Issue 3- 5 May 2021
Wednesday, 05 May 2021
Charles Darwin University
E-news
Charles Darwin University PhD candidate and cellist Anthony Albrecht with violinist and composer Simone Slattery   Photo: Australian Broadcasting Corporation
Charles Darwin University PhD candidate and cellist Anthony Albrecht with violinist and composer Simone Slattery Photo: Australian Broadcasting Corporation

Communicating science through the arts

Charles Darwin University PhD candidate and cellist Anthony Albrecht believes powerful messages about conservation, sustainability and social justice can be communicated through the arts.

“I feel a strong sense of responsibility to use the arts in generating stronger emotional connections to the urgent environmental problems we face,“ Mr Albrecht said.

“Assuming audiences’ attitudes and behaviour can be shaped via tested messaging and performance design strategies, I would like to see more collaboration between conservation organisations and artists in Australia and beyond.”

He has already explored this idea with violinist and composer Simone Slattery in their musical, visual and soundscape production of Where Song Began – their interpretation of the book of the same name by Australian natural history writer Tim Low.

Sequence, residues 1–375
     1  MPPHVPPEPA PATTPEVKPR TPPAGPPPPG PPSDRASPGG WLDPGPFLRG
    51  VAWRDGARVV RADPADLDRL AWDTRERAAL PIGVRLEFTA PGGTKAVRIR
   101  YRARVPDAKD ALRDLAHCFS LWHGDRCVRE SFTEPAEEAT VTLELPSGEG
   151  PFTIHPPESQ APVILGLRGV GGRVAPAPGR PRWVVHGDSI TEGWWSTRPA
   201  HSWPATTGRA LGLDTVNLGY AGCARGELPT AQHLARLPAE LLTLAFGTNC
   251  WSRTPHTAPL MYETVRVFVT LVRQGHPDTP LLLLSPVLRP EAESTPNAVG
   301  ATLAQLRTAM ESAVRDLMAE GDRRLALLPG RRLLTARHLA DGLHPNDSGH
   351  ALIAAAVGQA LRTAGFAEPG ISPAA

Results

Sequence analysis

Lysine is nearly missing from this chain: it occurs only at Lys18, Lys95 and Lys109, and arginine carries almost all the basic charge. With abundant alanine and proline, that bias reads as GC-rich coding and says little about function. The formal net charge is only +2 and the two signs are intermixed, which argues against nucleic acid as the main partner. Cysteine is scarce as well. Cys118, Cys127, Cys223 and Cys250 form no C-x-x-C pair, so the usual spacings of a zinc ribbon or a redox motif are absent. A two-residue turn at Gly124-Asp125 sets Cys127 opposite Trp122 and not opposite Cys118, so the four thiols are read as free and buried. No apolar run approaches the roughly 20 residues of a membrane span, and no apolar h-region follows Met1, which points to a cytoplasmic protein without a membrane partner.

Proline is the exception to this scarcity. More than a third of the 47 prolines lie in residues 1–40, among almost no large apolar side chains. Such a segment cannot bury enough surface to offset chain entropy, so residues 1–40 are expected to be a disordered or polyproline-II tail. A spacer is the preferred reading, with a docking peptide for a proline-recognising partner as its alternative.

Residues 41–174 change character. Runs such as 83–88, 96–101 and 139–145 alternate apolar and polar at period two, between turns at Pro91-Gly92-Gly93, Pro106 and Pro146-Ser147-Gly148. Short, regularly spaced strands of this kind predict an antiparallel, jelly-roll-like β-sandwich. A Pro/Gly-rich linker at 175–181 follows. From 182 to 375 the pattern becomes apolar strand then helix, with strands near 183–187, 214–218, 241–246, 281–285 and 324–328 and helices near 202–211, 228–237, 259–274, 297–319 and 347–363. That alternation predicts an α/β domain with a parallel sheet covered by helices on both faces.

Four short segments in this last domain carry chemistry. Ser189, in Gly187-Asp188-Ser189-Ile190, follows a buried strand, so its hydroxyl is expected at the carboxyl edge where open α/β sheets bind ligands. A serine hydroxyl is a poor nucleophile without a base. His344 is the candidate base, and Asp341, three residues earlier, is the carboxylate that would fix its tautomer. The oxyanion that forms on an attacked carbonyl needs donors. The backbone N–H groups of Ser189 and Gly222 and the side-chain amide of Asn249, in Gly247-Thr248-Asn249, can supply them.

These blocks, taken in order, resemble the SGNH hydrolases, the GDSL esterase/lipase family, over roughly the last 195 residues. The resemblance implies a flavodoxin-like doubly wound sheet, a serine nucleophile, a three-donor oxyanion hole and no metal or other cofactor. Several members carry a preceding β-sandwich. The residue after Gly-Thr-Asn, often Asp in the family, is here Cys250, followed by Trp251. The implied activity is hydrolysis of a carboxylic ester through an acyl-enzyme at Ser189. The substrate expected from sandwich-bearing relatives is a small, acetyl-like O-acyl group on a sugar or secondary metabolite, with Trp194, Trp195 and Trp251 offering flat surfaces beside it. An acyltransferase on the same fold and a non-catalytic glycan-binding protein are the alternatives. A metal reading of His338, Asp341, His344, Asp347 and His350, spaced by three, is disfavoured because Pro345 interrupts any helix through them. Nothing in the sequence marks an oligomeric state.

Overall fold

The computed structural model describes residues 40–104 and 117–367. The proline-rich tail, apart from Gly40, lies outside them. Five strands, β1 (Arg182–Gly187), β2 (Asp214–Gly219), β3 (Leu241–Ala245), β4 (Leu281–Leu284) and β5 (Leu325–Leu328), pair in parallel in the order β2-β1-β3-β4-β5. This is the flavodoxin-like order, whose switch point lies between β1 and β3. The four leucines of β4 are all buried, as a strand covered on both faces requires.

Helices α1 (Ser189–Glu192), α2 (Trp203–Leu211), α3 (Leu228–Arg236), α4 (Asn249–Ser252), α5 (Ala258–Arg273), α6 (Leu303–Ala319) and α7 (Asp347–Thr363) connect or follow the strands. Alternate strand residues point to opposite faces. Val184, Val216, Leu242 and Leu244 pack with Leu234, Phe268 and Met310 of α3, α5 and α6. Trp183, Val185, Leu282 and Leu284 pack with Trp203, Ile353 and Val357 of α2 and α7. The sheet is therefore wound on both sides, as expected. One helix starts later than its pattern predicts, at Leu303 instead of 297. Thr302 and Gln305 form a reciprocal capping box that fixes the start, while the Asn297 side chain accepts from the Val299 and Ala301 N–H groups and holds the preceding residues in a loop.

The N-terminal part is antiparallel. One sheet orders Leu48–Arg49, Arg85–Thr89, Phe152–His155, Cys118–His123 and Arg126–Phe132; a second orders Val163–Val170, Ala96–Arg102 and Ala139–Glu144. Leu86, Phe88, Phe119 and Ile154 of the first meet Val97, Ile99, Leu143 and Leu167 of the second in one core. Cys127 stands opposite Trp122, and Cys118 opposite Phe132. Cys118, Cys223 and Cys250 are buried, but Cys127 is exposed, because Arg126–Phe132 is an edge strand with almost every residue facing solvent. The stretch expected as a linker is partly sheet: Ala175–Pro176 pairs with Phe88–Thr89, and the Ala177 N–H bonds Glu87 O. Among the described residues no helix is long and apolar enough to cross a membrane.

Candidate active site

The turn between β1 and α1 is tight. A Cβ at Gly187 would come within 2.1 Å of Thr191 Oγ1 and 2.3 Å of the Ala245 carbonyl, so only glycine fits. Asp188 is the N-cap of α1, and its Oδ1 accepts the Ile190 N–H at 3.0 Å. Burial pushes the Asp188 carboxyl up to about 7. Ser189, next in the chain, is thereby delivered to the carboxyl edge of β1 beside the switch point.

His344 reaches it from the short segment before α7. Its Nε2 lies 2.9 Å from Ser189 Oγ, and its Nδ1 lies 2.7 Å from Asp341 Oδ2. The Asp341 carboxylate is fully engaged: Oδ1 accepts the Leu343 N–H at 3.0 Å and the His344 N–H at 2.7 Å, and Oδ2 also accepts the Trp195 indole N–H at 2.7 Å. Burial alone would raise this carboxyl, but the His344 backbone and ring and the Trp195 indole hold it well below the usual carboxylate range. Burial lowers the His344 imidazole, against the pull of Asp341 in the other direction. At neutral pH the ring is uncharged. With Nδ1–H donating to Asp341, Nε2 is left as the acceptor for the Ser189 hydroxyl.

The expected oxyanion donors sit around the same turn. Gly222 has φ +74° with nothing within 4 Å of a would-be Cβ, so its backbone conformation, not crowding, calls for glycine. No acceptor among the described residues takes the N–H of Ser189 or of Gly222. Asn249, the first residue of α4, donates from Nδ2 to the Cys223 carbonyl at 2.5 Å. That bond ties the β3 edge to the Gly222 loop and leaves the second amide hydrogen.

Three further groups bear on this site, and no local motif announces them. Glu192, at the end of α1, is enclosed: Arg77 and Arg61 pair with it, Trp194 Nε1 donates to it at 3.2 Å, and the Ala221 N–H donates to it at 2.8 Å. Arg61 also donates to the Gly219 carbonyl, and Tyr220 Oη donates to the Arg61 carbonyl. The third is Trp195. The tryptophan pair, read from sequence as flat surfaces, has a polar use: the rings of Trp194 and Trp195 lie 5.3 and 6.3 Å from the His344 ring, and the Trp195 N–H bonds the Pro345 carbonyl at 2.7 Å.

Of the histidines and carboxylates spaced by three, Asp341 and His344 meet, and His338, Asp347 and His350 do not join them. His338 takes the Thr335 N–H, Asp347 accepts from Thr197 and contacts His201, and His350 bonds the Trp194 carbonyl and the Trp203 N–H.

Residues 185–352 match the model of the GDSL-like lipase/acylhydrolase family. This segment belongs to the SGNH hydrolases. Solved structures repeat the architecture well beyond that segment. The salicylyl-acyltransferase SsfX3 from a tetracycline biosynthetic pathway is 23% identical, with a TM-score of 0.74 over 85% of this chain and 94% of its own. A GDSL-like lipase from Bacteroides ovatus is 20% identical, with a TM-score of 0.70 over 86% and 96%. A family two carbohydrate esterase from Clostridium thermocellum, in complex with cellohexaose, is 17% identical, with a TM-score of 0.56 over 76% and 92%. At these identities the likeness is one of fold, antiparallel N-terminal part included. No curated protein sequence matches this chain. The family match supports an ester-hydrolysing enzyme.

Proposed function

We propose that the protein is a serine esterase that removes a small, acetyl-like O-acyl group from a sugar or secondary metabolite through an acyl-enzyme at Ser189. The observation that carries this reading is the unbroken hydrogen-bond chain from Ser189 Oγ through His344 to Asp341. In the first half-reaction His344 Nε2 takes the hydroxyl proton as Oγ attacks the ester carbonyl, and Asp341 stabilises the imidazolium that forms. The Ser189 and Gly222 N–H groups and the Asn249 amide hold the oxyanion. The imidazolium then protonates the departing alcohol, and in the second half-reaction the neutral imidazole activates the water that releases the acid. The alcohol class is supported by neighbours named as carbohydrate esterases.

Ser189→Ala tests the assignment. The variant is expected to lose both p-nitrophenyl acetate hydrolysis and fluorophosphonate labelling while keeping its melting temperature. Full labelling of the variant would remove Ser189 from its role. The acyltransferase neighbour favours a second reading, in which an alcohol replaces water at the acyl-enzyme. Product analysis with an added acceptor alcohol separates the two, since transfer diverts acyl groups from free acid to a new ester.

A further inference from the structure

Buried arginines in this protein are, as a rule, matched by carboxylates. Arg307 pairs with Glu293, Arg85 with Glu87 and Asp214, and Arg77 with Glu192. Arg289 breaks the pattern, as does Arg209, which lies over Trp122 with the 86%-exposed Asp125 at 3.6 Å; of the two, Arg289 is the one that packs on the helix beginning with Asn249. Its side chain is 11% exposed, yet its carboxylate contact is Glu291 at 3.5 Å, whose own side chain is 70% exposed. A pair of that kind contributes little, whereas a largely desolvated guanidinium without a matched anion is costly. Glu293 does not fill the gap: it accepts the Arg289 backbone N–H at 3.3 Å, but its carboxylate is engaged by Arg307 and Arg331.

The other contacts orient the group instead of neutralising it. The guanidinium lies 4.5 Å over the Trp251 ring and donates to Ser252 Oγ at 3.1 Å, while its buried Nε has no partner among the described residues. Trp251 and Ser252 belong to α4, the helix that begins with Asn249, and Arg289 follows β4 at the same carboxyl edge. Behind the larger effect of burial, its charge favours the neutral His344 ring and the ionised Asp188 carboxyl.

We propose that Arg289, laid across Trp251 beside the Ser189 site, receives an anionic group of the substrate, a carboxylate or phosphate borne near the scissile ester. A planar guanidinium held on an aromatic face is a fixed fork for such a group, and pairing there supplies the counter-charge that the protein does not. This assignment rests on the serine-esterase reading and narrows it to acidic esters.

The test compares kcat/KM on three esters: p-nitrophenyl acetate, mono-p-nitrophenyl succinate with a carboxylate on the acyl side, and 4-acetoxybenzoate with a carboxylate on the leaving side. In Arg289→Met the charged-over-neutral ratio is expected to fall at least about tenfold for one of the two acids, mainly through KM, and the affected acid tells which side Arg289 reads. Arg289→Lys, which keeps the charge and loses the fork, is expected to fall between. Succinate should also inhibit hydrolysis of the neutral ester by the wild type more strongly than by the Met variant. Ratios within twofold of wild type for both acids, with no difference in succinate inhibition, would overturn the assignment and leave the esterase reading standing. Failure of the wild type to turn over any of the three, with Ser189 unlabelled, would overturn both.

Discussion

Where Song Began: Australia’s Birds and How They Changed the World  was the first nature book to win the Australian Book Industry Awards prize for best General Non-Fiction in 2015. 

Albrecht and Slattery performed Where Song Began to an appreciative audience at the Darwin Entertainment Centre on Saturday 24th April.

It followed more than 70 performances since 2018 from New York to Weipa on Cape York Peninsula and in the Tarkine Forest, Tasmania.

”We have formed strong partnerships with BirdLife Australia and the East Asian-Australasian Flyway Partnership, with whom we are developing new work on migratory shorebirds,” Mr Albrecht said.

Mr Albrecht’s research supervisor, CDU Professor - Conservation and Sustainable Livelihoods, Stephen Garnett, said the research will test “just what it is” about artistic performance that moves people to become more involved in conservation.

“Providing an empirical evidence base to audience response to the arts can help artists both please their audiences more and inspire them to turn their emotions into action,” Professor Garnett said.